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    Python & Perl: Lecture 12 Python & Perl: Lecture 12 Presentation Transcript

    • Python & Perl Lecture 12 Vladimir Kulyukin Department of Computer Science Utah State Universitywww.youtube.com/vkedco www.vkedco.blogspot.com
    • Outline ● Function Parameters ● Scoping ● Functional Programmingwww.youtube.com/vkedco www.vkedco.blogspot.com
    • Function Parameterswww.youtube.com/vkedco www.vkedco.blogspot.com
    • Types of Parameters ● There are two types of parameters in Python: positional and keyword ● Positional parameters are regular parameters in the function signature: the values they receive are determined by their position in the signature ● Keyword parameters are parameters that can taken on default values and whose position can vary in the functional signaturewww.youtube.com/vkedco www.vkedco.blogspot.com
    • Positional Parameters: Example def hw_avail_str(crsn, hwn, hw_loc, due_date, submit_loc): print "%s Assignment %s is available at %s. It is due by %s in %s." % (crsn, hwn, hw_loc, due_date, submit_loc) >>> hw_avail_str(CS3430, 7, www.myurl.org, 11:59pm, Feb 10, 2012, your Dropbox folder) CS3430 Assignment 7 is available at www.myurl.org. It is due 11:59pm, Feb 10, 2012 in your Dropbox folder. ● Note: You have to remember the position of each parameter in the signature, i.e., that crsn (course number) comes first, hwn (homework number) comes second, hw_loc (homework web location) comes third, etc.www.youtube.com/vkedco www.vkedco.blogspot.com
    • Keyword Parameters: Example def hw_avail_str2(crsn=CS3430, hwn=0, hw_loc=www.myblog.org due_date=, submit_loc=your Dropbox folder): print "%s Assignment %s is available at %s. It is due by %s in %s." % (crsn, hwn, hw_loc, due_date, submit_loc) >>> hw_avail_str2(hwn=10, due_date=11:59pm, Feb 10, 2012) CS3430 Assignment 10 is available at www.myblog.org. It is due by 11:59pm, Feb 10, 2012 in your Dropbox folder. ● Note: You do not have to remember the position of each parameter in the signature but you do have to remember the name of each keyword parameterwww.youtube.com/vkedco www.vkedco.blogspot.com
    • Combining Positional & Keyword Parameters ● Positional & keyword parameters can be combined in one signature: positional parameters must precede keyword parameters def combine(x, y=10, z=buzz): print x=%d y=%d z=%s % (x, y, z) >>> combine(5) x=5 y=10 z=buzz >>> combine(5, y=50, z=foo) x=5 y=50 z=foowww.youtube.com/vkedco www.vkedco.blogspot.com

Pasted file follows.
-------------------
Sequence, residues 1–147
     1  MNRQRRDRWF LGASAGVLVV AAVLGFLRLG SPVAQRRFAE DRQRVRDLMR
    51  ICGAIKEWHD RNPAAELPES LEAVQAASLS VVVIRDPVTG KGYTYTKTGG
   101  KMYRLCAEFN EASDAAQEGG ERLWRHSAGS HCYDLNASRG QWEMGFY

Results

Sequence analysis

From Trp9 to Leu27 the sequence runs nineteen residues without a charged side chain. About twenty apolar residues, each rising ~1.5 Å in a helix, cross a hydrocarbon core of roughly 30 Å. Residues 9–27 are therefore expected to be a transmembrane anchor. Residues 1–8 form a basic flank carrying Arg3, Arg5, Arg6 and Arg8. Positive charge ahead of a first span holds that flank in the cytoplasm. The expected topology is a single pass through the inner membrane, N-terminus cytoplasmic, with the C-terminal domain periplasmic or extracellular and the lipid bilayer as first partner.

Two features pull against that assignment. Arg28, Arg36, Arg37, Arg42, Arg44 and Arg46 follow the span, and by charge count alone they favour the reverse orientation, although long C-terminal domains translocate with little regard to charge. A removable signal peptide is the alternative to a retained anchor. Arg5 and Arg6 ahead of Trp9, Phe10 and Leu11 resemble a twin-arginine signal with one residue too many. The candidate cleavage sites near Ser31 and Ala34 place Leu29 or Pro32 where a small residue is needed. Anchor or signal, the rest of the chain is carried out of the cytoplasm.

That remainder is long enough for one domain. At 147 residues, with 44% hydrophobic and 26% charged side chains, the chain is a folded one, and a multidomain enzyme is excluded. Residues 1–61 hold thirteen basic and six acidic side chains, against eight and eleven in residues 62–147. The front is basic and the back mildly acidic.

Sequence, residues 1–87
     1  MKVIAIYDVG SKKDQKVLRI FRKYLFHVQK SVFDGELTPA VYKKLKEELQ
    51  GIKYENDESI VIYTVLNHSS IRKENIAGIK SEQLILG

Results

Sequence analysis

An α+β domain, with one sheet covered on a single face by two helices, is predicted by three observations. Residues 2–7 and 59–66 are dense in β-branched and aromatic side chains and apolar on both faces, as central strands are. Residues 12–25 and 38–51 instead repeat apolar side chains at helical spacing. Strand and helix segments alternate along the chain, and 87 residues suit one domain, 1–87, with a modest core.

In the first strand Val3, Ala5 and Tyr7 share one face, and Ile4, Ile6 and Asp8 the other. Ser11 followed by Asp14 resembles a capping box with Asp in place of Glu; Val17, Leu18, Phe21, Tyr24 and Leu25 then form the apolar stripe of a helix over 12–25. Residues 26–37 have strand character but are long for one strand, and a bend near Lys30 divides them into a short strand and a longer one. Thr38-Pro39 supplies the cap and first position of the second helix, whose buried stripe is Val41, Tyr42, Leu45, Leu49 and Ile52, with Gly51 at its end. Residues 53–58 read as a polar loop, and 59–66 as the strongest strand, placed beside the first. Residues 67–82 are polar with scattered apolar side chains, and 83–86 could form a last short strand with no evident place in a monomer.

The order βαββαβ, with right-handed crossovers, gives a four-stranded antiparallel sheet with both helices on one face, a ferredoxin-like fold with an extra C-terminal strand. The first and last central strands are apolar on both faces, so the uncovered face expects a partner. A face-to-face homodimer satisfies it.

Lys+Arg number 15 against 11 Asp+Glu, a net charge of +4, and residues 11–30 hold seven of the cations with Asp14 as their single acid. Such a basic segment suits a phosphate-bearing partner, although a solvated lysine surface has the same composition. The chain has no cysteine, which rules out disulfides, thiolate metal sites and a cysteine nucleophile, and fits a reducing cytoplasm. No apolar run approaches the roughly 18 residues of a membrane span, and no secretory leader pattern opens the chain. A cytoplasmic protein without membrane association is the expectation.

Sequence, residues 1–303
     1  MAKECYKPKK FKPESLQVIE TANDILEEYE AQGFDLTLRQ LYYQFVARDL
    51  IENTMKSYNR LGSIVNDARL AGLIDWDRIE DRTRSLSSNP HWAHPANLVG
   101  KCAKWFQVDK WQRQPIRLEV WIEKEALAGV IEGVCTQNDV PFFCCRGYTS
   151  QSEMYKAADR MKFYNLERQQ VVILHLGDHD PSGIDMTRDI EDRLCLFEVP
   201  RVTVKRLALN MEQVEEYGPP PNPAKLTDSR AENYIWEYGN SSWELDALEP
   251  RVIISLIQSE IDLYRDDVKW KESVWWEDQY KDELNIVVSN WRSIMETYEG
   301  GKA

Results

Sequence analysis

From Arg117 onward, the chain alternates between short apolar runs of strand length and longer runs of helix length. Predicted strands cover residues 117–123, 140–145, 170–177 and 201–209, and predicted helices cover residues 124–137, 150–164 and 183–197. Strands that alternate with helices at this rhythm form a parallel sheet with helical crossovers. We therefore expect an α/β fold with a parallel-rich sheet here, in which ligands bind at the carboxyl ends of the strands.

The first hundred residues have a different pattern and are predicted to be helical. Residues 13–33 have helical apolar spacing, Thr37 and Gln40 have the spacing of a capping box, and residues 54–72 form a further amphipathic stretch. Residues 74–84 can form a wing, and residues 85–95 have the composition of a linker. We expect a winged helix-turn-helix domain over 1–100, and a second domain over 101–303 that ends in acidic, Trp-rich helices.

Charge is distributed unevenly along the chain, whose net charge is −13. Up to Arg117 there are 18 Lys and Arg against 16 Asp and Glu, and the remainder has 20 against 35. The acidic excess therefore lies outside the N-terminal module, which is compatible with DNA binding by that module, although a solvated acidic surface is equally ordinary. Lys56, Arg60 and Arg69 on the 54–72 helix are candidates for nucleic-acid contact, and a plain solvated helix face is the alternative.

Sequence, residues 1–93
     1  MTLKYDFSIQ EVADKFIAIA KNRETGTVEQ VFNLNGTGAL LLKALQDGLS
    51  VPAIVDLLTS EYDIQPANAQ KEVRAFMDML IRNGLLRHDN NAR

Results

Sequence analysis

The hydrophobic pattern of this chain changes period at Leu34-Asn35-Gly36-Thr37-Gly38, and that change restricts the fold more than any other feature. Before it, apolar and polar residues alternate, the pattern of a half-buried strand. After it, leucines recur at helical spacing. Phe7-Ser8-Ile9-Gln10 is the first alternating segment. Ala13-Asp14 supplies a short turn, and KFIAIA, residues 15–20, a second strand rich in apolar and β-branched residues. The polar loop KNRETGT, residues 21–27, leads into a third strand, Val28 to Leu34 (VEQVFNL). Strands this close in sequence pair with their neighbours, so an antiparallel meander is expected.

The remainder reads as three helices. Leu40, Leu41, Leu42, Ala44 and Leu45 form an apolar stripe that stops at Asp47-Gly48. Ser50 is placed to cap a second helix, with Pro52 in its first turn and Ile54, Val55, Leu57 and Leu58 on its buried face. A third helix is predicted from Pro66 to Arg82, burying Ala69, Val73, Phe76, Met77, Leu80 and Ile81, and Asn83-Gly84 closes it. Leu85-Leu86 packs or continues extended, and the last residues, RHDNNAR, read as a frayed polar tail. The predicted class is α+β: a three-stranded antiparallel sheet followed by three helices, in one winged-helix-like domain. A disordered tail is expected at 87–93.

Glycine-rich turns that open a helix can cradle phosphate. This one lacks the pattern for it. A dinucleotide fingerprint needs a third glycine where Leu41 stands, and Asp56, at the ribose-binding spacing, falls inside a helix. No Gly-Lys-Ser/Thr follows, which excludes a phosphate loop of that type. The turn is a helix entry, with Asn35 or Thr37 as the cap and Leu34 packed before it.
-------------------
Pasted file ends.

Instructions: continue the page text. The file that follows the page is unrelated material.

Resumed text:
• Positional Parameter Collection ● What happens if you do not know how many parameter values you receive on the input? ● There are two choices: use a container, e.g., a list or a tuple, or use *operator ● Suppose that we want to write a function that applies three types of operations: sum, product, and max to sequences ● We can use *operator to solve this problemwww.youtube.com/vkedco www.vkedco.blogspot.com
    • Applying Operations to Parameter Collections def apply_oper(oper_name, *params): if oper_name == sum: return sum(params) elif oper_name == product: return reduce(lambda x, y: x * y, params, 1) elif oper_name == max: if len(params) > 0: return max(params) else: return None else: return Unknown operation + oper_namewww.youtube.com/vkedco www.vkedco.blogspot.com
    • Applying Operations to Parameter Collections >>> apply_oper(sum, 1, 2) 3 >>> apply_oper(sum, 1, 2, 3) 6 >>> apply_oper(sum) 0 >>> apply_oper(product, 1, 2, 3) 6 >>> apply_oper(max, 1, 2, 3, 4, 5) 5 >>> apply_oper(max)www.youtube.com/vkedco www.vkedco.blogspot.com
    • Keyword Parameter Collection ● We can also collect arbitrary numbers of keyword parameters with **operator ● The keyword parameters are collected into a dictionary def collect_keyword_params(**prms): print prms >>> collect_keyword_params(x=5,y=10, my_kp=foo, my_kp2=(1, 2, 3)) {y: 10, x: 5, my_kp2: (1, 2, 3), my_kp: foo}www.youtube.com/vkedco www.vkedco.blogspot.com
    • Parameter Distribution ● * & ** operators can be used in the reverse direction as well – to extract the values from sequences or dictionaries and distribute them among the function arguments ● *operator is used with sequences ● **operator is used with dictionarieswww.youtube.com/vkedco www.vkedco.blogspot.com
    • Example def add3(x, y, z): return x + y + z def add4(x=0, y=0, z=0, w=0): return x+y+z+w >>> prms = (10, 20, 30) >>> add3(*prms) ## x = 10, y = 20, z = 30 60 >>> prms2 = {x : 10, y : 20, z : 30, w : 40} >>> add4(**prms2) ## x = 10, y=20, z=30, w=40 100www.youtube.com/vkedco www.vkedco.blogspot.com
    • Scopingwww.youtube.com/vkedco www.vkedco.blogspot.com
    • Scope ● Scopes (aka namespaces) are dictionaries that map variables to their values ● Builtin function vars() returns the current scope ● Python documentation recommends against modifying the returned value of vars() because the results are undefinedwww.youtube.com/vkedco www.vkedco.blogspot.com